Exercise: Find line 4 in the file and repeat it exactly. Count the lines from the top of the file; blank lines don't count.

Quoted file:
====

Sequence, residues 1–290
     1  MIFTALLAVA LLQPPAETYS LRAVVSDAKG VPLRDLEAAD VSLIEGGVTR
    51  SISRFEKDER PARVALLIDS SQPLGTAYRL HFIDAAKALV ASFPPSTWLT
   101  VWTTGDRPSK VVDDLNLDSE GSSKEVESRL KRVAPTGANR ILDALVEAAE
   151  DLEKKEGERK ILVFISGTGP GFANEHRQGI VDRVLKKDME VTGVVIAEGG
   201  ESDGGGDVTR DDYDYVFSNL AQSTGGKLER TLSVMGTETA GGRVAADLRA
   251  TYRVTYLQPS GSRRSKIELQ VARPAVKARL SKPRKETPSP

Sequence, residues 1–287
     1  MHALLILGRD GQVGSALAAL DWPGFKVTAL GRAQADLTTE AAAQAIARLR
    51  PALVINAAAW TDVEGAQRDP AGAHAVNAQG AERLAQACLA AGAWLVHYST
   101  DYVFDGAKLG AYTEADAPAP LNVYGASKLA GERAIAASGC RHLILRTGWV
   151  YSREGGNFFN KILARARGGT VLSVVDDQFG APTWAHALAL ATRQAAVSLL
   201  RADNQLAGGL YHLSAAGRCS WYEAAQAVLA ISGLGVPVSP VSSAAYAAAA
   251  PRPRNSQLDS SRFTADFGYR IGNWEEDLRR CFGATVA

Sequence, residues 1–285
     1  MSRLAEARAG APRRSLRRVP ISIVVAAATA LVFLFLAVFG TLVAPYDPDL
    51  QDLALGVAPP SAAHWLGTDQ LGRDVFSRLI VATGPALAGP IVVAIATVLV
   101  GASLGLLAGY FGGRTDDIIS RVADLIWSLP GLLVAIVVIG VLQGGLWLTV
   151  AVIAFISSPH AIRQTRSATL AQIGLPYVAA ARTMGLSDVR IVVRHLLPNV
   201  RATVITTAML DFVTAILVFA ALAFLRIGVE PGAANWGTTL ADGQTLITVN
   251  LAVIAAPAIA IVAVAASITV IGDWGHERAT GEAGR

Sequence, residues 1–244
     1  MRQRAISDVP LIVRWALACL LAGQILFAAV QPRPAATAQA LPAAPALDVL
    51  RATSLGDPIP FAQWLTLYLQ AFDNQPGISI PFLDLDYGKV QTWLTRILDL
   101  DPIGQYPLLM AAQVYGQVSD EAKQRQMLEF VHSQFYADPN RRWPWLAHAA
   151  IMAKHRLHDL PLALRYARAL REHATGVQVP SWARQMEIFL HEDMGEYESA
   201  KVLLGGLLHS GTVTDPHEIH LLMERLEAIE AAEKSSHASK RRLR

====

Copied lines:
   101  VWTTGDRPSK VVDDLNLDSE GSSKEVESRL KRVAPTGANR ILDALVEAAE